Former Bosnian Serb military chief Ratko Mladic was in court at The Hague on Tuesday to appeal his 2017 genocide conviction for atrocities his forces committed during the Bosnian war, including the murders of 8,000 Muslim men and boys at Srebrenica. Lawyers for Mladic argued that he was not fit to face trial.
Dubbed the "Butcher of Bosnia", the 78-year-old Mladic has challenged his 2017 conviction and life sentence for genocide, crimes against humanity and war crimes in the civil war in the former Yugoslavia, including the 1995 Srebrenica massacre.
But Mladic's lawyers said they were taking part under protest in the two-day hearing in The Hague, after judges earlier this week rejected a bid to postpone it pending a fresh medical assessment.
A frail-looking Mladic appeared in court wearing a mask because of coronavirus regulations, which he later removed. Wearing a suit with his red tie askew, he initially complained that he could not follow the hearing through headphones.
"This hearing today is inappropriate and threatens ... a miscarriage of justice, such that I cannot abide to be a silent participant in this questionable proceeding," defence lawyer Dragan Ivetic told the court in opening remarks.
"I am unable to meaningfully gain instruction from Mr Mladic, or be assured that he is able to meaningfully follow proceedings."
The hearing has already been delayed several times since March after Mladic needed an operation to remove a benign polyp on his colon, and then because of the pandemic.
'Questions about his memory'
Mladic was captured in 2011 after years on the run and sentenced to life behind bars three years ago for his role in the 1992-95 war in Bosnia.
This included genocide committed by his forces in the small eastern Bosnian town of Srebrenica, Europe's worst bloodshed since World War II, where some 8,000 Muslim men and boys were slaughtered.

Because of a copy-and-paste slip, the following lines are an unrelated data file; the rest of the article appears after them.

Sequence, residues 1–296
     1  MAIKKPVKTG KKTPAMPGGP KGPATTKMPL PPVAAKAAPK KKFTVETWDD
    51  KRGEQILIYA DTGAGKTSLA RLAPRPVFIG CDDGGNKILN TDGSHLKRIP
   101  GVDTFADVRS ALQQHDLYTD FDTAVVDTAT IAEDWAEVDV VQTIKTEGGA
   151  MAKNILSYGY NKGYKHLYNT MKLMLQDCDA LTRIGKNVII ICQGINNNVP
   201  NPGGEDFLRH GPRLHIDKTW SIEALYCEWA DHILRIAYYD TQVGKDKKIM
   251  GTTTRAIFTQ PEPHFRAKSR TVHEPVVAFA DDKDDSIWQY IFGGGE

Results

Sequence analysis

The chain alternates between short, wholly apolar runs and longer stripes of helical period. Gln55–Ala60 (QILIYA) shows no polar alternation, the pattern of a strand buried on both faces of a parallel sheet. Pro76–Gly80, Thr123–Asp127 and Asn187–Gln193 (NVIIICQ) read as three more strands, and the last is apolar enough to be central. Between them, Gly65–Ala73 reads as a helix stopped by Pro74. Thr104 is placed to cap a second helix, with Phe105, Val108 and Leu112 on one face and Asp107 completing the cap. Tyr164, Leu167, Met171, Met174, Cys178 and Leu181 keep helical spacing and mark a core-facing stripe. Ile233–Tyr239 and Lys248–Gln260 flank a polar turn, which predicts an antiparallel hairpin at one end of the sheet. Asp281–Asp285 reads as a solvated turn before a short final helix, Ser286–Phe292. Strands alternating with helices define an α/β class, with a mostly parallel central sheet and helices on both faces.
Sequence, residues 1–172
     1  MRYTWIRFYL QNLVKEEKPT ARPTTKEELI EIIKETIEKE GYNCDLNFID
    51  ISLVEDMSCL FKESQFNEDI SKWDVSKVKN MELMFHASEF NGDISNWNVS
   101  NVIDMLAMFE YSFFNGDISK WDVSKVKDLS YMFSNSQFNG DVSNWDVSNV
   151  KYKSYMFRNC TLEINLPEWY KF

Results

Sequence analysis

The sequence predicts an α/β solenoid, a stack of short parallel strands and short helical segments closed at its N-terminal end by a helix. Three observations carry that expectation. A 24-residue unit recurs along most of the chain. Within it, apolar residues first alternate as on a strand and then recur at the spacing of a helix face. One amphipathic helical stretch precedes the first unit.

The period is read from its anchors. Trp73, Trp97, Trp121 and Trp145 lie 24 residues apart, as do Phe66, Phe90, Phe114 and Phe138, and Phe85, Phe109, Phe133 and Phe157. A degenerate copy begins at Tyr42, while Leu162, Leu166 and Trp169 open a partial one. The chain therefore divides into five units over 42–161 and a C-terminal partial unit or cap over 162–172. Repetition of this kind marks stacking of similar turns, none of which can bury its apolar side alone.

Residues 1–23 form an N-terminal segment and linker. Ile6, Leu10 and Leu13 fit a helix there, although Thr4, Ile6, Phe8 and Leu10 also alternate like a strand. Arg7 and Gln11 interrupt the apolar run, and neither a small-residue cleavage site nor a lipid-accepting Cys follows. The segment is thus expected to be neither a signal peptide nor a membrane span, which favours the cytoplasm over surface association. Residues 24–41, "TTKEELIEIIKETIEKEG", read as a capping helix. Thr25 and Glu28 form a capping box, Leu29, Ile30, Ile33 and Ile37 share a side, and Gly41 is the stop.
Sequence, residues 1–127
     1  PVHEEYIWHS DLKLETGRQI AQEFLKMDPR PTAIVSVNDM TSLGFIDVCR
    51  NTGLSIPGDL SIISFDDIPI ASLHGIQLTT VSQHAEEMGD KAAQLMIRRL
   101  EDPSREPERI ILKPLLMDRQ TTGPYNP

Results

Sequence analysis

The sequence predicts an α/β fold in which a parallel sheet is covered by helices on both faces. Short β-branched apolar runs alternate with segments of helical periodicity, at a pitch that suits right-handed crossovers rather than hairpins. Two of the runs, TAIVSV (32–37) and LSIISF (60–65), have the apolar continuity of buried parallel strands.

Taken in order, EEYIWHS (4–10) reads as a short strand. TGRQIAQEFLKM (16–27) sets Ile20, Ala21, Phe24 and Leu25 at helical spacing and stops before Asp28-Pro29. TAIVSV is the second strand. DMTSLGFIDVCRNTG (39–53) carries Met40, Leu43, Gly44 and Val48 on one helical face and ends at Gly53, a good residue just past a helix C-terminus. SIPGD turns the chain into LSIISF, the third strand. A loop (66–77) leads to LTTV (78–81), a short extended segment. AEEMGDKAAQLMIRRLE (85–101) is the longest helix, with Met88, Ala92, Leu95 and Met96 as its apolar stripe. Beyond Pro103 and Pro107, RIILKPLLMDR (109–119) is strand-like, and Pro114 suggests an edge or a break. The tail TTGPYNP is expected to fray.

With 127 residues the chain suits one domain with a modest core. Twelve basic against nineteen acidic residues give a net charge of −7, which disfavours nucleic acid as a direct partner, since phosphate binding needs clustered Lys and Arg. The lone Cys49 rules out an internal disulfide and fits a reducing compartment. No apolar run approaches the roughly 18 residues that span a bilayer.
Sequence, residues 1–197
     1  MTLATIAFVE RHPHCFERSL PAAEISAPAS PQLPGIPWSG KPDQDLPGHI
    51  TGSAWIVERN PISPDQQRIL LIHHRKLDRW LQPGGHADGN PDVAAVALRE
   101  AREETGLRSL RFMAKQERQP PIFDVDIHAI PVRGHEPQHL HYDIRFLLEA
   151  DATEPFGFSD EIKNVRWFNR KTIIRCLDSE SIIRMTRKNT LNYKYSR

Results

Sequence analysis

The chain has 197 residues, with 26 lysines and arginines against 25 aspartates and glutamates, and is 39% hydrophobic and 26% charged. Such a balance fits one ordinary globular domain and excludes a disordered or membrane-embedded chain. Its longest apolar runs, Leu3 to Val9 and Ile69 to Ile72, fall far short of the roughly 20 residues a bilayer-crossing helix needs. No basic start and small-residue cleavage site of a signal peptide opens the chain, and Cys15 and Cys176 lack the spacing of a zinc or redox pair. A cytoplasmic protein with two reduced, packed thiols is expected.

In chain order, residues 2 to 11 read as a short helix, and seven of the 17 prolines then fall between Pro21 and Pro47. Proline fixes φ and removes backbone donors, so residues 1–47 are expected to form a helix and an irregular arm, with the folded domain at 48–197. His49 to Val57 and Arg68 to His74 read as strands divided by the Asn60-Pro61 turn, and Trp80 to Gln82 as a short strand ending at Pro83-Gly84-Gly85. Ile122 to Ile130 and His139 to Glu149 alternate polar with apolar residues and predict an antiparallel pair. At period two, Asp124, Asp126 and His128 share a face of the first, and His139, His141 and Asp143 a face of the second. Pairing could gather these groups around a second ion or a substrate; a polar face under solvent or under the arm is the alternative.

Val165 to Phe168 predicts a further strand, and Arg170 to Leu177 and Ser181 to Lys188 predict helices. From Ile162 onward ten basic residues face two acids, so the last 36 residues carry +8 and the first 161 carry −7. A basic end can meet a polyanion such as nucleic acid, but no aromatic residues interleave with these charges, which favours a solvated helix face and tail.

About 100,000 people were killed and 2.2 million others displaced in the Bosnian war, which erupted as communal rivalries tore Yugoslavia apart after the fall of communism.
Mladic, who has been serving his sentence at a detention centre in the seaside suburb of Scheveningen, has appealed against both the conviction and sentence. The prosecution has appealed against his acquittal on wider genocide charges.
Ivetic said the original judgment was "replete with errors", including linking Mladic to crimes committed in 1991 before he was in the chain of command.
The trial judges erred by admitting some actions allegedly carried out by Mladic's subordinates, said Peta-Louise Baggott, another defence lawyer.
The case is being heard at the UN's International Residual Mechanism for Criminal Tribunals in The Hague, which deals with cases left over from now defunct tribunals for the former Yugoslavia and Rwanda.
Mladic will himself be allowed to speak for 10 minutes on Wednesday. He had to be dragged out of the court in 2017 after an outburst in which he accused the judges of lying.
Mladic's son Darko said the former military chief "hasn't been able to prepare" because of his health and because lawyers had been unable to visit him.
"He doesn't have the energy needed for work of this kind and there are questions about how well his memory is working," Darko Mladic told AFP.
Covid stops protest
Mladic was the military face of a trio led on the political side by ex-Yugoslav president Slobodan Milosevic and former Bosnian Serb leader Radovan Karadzic.
Haunting footage showed Mladic assuring people in Srebrenica they would be safe as his troops brushed aside Dutch UN peacekeepers, even as those troops were gearing up for the massacre.
Milosevic died of a heart attack in his cell in The Hague in 2006 before his trial had finished, while Karadzic is serving a life sentence for genocide in Srebrenica and other atrocities.
The "Mothers of Srebrenica", a group of women related to victims of the massacre who have for years protested outside court, will not attend the hearing for the first time, due to the pandemic.
"We hope Mladic will be found guilty for genocide in other towns as well, not just those in Srebrenica," Munira Subasic, president of the main Mothers of Srebrenica association, told AFP.